I mentioned at the end of my recent Dorothy L. Sayers review that she drew on her own experiences as a copywriter to write Murder Must Advertise, and that she even cheekily mentioned one of her own campaigns: The Mustard Club.
My subconscious has been whirring away in the background, and this morning it reminded me that I actually have a copy of the Mustard Club recipe book. I live near Norwich (in the East of England), home of Colman’s Mustard, and our city centre boasts what must be the only Mustard Shop in the UK. We bought ourselves this book a few years ago.
According to the shop:
‘An enormously successful campaign that in many ways was years ahead of its time was The Mustard Club, an advertising campaign that ran from 1926 to 1933. It was effectively a teaser campaign which really caught people’s imagination. The first adverts appeared as bus posters asking “Has father joined the Mustard Club?” Later a department with 10 girls was established to deal with the 2,000 applications a day to join the club.
In many ways it was one of the first brands to use ‘guerrilla marketing’, through a teaser campaign that caught the country’s imagination. In the early 1920s Colman’s advertising agent, Bensons, came up with the idea of the Mustard Club – a fictitious club that Colman’s users could join. The agent set about posting notes on buses asking ‘Has Father Joined the Mustard Club?’ Eventually there were card games and a club newsletter. It was almost certainly one of the first examples of an integrated campaign. All Mustard Club members could apply for a badge – and by the time the club closed in 1933, 500,000 had been given away.’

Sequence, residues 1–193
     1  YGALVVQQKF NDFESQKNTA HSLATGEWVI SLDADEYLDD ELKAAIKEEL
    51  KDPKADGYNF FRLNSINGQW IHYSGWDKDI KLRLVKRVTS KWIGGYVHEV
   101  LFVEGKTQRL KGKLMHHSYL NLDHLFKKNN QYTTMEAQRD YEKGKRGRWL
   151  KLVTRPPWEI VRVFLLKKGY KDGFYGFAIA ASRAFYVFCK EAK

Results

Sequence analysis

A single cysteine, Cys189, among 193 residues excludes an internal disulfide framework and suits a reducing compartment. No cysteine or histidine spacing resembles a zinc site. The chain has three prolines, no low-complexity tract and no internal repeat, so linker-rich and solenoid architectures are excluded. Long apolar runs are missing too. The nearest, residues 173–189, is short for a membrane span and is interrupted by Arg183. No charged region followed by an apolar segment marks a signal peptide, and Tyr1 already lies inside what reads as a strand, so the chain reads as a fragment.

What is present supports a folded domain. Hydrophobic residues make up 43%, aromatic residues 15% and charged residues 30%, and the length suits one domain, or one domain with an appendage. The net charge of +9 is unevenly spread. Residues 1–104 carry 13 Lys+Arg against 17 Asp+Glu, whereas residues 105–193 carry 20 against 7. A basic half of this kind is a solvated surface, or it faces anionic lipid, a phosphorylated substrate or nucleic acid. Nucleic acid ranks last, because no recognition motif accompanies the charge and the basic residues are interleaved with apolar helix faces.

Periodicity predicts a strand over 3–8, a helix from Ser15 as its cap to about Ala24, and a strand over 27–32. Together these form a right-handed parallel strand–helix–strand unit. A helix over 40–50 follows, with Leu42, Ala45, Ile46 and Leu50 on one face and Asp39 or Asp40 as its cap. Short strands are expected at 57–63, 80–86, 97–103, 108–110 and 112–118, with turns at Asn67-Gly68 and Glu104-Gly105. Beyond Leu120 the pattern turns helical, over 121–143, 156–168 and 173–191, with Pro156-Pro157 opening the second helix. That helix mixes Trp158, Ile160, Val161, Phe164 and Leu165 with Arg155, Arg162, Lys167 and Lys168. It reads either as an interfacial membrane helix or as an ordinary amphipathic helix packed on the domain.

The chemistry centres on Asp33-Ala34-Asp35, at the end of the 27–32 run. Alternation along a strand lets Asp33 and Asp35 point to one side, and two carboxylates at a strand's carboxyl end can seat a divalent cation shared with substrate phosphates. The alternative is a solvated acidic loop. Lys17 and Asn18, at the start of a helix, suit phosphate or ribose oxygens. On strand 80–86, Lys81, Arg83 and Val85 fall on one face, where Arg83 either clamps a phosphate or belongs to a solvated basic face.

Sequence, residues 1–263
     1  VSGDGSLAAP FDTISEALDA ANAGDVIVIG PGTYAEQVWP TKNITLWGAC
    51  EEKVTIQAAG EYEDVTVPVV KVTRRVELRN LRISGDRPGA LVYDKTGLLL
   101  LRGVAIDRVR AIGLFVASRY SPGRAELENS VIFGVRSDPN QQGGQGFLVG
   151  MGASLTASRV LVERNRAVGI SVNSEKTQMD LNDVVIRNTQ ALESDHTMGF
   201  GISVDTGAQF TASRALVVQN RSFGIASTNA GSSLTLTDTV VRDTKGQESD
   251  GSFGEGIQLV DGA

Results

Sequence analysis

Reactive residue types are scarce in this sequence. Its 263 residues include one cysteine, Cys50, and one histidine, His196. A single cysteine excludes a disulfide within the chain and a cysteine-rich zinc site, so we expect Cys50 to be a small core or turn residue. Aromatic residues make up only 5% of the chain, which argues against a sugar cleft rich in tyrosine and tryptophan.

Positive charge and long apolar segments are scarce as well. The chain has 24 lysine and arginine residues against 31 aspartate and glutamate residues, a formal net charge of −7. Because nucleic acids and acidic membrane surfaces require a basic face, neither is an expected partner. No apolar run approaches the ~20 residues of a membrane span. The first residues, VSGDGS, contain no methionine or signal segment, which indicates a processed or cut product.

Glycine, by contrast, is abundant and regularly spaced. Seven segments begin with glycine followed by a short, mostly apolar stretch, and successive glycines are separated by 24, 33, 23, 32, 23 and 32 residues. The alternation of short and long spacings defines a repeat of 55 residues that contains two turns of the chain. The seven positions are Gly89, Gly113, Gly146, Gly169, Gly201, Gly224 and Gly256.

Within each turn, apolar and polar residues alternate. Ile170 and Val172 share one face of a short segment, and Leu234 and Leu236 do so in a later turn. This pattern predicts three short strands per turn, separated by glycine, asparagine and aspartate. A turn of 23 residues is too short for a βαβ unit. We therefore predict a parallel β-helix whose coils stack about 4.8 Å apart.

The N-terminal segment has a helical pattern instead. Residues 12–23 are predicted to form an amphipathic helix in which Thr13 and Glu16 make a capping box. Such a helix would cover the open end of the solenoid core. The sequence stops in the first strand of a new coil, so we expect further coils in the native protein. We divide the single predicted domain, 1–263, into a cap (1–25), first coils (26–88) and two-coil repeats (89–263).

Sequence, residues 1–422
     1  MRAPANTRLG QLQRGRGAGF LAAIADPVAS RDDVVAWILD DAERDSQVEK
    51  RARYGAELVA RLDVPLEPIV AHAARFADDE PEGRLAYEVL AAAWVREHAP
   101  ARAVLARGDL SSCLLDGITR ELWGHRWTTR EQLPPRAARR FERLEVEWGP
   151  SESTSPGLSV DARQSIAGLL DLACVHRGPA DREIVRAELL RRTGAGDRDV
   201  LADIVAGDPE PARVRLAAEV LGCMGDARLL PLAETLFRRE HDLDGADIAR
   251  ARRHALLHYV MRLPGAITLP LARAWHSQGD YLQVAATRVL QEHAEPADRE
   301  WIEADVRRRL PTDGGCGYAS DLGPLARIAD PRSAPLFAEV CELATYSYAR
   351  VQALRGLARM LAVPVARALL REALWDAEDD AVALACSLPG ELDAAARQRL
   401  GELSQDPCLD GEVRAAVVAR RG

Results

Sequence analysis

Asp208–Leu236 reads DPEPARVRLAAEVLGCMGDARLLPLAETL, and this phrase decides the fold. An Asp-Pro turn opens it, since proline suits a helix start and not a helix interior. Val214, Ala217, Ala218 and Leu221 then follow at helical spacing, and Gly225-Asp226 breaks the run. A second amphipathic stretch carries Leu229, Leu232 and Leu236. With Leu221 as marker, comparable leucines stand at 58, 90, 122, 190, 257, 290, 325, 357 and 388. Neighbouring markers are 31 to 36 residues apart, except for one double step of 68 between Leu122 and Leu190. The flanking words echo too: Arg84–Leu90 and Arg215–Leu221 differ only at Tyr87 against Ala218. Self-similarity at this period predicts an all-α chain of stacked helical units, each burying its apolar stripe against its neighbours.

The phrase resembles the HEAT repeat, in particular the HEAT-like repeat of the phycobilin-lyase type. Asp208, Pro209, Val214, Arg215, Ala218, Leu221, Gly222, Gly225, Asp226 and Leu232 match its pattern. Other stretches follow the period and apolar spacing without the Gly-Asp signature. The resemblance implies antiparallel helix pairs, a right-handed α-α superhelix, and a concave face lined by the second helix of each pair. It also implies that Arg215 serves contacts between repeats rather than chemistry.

I’m not entirely sure how you join a fictitious club, but the recipe book at least was real. The cover shows a very Sayersian collection of gentlefolk, illustrated by J. Gilroy. A Mrs Cottington Taylor of the Good Housekeeping Institute provided many of the recipes, but the rest of the copy is apparently by Sayers.
The world being what it is, Colman’s is now a tiny part of Unilever and the mustard is probably flown in from Indonesia or something. The shop, however, is now a charitable enterprise.